R.E.M.: the band Kurt Cobain wanted Nirvana to become


This year marks the 25th anniversary of R.E.M.’s seminal, “Automatic for the People” album. Not only marking a turning point in the development of the band, it proved to be one of the most acclaimed albums of the entire 1990’s.

Meanwhile, another band that was becoming the decade’s standard bearers, were becoming disenchanted with their newfound success. Nirvana’s “Nevermind” (1991) album betrayed frontman Kurt Cobain’s melodic sensibilities by changing them from underground heroes to MTV hit superstars.

R.E.M’s Michael Stipe had became a star in his own right several years prior. Then, thanks to the unexpected hit of 1991’s “Losing My Religion” and the video’s regular rotation on MTV, Stipe and R.E.M’s fame grew. A mutual admiration emerged between Stipe and Cobain and both bands reacted to their success differently.

R.E.M. would follow up their upbeat hit single with the melancholy and autumnal “Automatic for the People,” a stylistic about-face that influenced Cobain greatly.

The album dealt with lyrical themes of aging, death and mourning, in some of the most emotionally direct songwriting of the band’s career up to that point. Musically it was assisted by string arrangements overseen by ex-Led Zeppelin bassist John Paul Jones. Dark, moody tracks like “Sweetness Follows” and “Star Me Kitten” are side by side with genuine hits from the album– “Everybody Hurts” and “Man on the Moon.”

Nirvana themselves had reacted strongly against “Nevermind” by releasing the decidedly alienating “In Utero” (1993). In between the harsh pockets of noise were beautiful string and cello embellishments on songs like “Dumb” and “All Apologies,” songs that would become fan-favorites.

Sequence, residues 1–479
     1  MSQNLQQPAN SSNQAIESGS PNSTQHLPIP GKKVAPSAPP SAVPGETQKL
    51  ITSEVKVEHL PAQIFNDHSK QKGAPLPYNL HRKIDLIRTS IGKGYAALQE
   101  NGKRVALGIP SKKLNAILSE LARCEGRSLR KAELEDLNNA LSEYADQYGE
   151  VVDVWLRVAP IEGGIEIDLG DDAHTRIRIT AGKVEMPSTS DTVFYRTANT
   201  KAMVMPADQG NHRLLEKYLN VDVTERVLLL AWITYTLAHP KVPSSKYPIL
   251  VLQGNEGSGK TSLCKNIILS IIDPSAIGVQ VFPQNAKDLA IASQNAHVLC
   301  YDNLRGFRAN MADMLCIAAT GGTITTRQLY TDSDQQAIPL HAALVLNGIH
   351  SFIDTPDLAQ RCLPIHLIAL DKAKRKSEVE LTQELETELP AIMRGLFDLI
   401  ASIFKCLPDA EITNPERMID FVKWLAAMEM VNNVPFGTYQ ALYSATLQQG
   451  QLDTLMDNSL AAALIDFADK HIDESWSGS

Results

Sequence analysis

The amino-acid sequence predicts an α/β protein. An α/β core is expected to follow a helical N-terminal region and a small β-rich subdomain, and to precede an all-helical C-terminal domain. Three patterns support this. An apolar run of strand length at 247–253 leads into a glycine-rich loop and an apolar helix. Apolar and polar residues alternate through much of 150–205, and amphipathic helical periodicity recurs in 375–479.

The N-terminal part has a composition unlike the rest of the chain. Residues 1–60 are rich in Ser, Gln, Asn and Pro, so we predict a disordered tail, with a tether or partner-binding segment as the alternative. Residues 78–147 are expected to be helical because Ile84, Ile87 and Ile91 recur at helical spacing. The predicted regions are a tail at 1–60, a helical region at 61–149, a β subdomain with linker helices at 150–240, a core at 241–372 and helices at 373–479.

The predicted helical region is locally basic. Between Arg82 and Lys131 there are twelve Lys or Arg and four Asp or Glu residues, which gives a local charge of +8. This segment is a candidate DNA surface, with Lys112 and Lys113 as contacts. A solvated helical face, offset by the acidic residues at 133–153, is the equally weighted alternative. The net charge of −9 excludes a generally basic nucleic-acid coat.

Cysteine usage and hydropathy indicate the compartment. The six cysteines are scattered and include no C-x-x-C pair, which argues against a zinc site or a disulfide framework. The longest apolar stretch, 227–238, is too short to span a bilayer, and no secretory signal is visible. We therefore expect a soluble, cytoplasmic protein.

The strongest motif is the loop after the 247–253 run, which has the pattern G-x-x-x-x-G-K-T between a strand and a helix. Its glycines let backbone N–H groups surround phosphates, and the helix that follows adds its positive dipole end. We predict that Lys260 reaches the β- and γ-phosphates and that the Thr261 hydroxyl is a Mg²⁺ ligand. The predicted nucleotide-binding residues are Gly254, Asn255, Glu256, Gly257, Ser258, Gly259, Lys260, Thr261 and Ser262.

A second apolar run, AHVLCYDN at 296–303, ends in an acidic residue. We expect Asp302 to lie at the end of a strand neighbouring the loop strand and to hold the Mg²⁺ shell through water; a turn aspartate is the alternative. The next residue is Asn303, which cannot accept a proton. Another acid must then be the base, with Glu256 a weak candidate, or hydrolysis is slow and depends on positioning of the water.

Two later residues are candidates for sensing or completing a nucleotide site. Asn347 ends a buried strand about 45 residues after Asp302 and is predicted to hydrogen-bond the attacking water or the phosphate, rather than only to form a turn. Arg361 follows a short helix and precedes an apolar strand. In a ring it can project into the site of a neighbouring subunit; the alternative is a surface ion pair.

Later that year, Nirvana would have their now famous performance on the set of “MTV Unplugged,” performing many songs from that same album. A live album would be cut and be the first release following Cobain’s death in April 1994. Though before it was recorded, Cobain himself foresaw where his band’s musical direction would be headed. Their next album after “In Utero” would be “pretty ethereal, acoustic, like R.E.M.’s last album.”

Many critics indeed saw the live album as similar in tone to ‘Automatic,’ complete with acoustic numbers that highlighted the nihilism inherent in their lyrics. Nirvana’s album saw only hopelessness, whereas R.E.M. could still see hope; it was a warning sign of what was to come.


It emerged later that Michael Stipe had reached out to Cobain before his death in hopes of a collaboration, with the intent of pulling him away from personal destruction. R.E.M.’s “Let Me In” off their “Monster” (1994) album was a direct plea to his friend to let him help.

And so another “What if?” chapter in rock music was completed upon Cobain’s death. The sad circle is completed when it was found Cobain had “Automatic” in his stereo at the time of his suicide. Yet despite the album bearing this dark context, some solace can still be found in the warmth of ‘Automatic,’ and in a strange sense it can remain all these years later a quieting reminder of comfort in the face of loss.


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